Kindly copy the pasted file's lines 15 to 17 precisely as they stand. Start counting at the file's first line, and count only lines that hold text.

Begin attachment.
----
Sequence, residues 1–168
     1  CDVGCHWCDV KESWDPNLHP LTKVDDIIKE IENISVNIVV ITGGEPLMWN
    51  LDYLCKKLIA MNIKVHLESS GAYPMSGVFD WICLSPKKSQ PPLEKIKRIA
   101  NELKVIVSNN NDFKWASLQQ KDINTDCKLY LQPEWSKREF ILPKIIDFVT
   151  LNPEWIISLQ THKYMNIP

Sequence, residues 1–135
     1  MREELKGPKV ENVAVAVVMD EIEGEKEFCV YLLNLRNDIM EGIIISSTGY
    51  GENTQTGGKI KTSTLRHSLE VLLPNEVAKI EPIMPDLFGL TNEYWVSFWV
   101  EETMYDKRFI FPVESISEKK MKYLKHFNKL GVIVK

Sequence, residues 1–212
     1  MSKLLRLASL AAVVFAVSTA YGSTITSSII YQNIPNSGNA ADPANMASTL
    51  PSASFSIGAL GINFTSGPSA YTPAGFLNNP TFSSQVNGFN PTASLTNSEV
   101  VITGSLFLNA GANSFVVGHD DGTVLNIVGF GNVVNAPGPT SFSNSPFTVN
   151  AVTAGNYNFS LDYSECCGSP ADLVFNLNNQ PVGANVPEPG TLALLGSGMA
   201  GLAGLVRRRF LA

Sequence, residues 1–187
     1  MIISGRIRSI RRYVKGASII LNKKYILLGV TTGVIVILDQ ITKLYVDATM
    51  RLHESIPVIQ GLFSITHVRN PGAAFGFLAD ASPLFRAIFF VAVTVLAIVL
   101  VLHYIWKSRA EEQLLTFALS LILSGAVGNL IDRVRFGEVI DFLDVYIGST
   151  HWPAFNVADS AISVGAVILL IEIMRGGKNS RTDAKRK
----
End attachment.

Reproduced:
   201  GLAGLVRRRF LA

Sequence, residues 1–187
     1  MIISGRIRSI RRYVKGASII LNKKYILLGV TTGVIVILDQ ITKLYVDATM